The euphoria generated by the Brazilian deal, which was surprisingly oversubscribed, and the improvement in Brazil’s macroeconomic figures buoyed Brazilian corporates so much that investors rejected a bond offering from the National Development Bank (BNDES) designed to help Brazilian corporates survive the crisis.

In the third week of May, BNDES had announced it would sell $3 billion or more of 10-year bonds in order to pool the outstanding debt of 90 eligible companies, providing higher value and diversity to investors in the wake of Brazil’s lingering recession. But as the economy improved, investors indicated they were confident Brazilian companies would revive. And BNDES was forced to cancel its offering when orders failed to reach the required $1 billion. It was also reported that some companies eligible for the debt consolidation program were angered by the proposal since it implied that those involved were suffering from poor management and not worthy of investment.

Another blowout similar to the Brazilian exchange took place on the local Argentine market later on. Between May 6 and May 13, the Argentine government offered the holders of more than $25 billion in peso- and dollar-denominated government notes to exchange them for new two-year and five-year dollar-denominated Argentine Treasury bonds (Bontes).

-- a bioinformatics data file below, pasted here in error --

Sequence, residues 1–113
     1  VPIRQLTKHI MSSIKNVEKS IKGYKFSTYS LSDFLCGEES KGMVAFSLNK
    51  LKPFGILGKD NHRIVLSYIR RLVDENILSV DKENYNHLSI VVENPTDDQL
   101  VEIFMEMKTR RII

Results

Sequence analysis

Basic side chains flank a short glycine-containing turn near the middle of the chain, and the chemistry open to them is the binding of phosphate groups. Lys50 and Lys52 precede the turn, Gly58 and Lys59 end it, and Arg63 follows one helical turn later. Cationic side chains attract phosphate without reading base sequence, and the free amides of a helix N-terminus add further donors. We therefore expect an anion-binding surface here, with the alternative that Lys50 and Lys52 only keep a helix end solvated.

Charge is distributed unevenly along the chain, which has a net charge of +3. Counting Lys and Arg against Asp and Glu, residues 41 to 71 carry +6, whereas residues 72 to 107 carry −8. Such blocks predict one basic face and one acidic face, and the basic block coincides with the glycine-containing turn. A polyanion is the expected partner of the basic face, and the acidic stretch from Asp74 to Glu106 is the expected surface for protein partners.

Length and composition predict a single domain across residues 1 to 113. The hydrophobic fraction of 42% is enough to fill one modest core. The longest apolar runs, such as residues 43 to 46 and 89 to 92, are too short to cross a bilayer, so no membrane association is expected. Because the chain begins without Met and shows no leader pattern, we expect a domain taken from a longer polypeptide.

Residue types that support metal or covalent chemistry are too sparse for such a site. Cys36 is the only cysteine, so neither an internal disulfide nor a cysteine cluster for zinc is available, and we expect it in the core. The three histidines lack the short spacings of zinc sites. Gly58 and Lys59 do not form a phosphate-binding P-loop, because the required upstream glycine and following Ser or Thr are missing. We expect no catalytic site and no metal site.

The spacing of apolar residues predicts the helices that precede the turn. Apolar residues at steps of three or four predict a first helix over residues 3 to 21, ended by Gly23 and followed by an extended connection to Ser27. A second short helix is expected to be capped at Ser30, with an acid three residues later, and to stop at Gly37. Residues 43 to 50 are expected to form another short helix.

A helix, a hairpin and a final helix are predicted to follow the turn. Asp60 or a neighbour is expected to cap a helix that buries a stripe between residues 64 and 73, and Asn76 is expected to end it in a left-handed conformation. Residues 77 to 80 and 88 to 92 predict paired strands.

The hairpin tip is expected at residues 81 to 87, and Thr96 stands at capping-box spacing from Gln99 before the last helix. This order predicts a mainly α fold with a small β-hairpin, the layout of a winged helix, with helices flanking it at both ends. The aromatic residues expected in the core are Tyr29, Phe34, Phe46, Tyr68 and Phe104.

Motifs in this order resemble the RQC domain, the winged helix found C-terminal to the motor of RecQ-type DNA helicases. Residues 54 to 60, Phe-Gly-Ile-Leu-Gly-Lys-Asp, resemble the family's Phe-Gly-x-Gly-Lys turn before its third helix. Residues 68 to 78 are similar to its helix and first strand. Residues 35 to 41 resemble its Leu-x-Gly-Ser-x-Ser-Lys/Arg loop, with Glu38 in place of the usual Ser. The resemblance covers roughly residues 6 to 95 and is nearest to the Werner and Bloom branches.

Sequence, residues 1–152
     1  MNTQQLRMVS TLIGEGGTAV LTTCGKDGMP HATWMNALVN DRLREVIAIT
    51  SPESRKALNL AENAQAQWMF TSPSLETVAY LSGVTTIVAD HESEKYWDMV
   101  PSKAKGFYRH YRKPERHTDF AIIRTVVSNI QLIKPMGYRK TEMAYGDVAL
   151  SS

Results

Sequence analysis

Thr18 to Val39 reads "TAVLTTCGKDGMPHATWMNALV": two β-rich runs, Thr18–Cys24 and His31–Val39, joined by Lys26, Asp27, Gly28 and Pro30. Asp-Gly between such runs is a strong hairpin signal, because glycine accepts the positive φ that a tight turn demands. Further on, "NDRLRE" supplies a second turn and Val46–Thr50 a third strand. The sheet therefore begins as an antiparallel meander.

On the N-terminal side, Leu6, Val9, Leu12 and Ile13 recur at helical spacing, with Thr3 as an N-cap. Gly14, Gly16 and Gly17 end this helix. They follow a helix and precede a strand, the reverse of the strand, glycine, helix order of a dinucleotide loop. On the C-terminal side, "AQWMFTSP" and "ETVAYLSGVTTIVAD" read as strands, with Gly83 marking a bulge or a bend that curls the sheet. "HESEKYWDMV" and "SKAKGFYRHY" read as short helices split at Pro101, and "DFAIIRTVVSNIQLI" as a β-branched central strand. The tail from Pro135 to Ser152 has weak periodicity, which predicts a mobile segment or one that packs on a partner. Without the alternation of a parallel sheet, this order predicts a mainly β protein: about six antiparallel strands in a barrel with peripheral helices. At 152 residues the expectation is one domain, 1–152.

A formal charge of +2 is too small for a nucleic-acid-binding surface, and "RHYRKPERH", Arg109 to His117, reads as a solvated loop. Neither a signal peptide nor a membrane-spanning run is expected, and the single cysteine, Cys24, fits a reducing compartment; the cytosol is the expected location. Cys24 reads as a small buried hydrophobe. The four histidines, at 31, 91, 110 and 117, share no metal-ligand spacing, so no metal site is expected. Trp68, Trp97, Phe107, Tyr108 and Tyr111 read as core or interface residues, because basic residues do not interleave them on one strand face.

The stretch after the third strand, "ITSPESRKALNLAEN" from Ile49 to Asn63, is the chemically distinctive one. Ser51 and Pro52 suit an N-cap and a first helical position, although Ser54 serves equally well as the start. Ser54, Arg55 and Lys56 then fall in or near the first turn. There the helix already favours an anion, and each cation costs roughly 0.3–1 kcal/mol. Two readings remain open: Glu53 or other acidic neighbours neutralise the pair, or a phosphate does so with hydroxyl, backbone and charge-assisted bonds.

The government received over $10 billion in exchange, but officially exchanged $3.9 billion. The deal, led by JP Morgan and Deutsche Bank, gave investors the option to own more liquid straight bonds and helped establish further development of the domestic benchmark curve. Most importantly, Argentina reduced its debt burden going forward by $500 million for 1999 and by $1 billion for next year.

“It was a transaction designed to extend maturities and conserve the cash flow of the government,” said Gabriel Bochi, vice president of Latin American capital markets at JP Morgan.

On the corporate front, the most outstanding transaction so far has been Repsol’s acquisition of YPF, which generated enthusiasm in the oil and gas sector and provided a window of opportunity for Argentine oil and gas companies to hit the market and ride the wave. Perez Companc certainly did. With a better credit rating than the sovereign, the Argentine company quickly issued a seven-year, $200 million deal that was priced at about 200 basis points tighter than comparable government bonds.

In a February bond issue, YPF achieved an even tighter spread on its 10-year bullet bond for $225 million. It priced inside comparable sovereigns by 340 basis points. Merrill Lynch was the lead manager on both deals.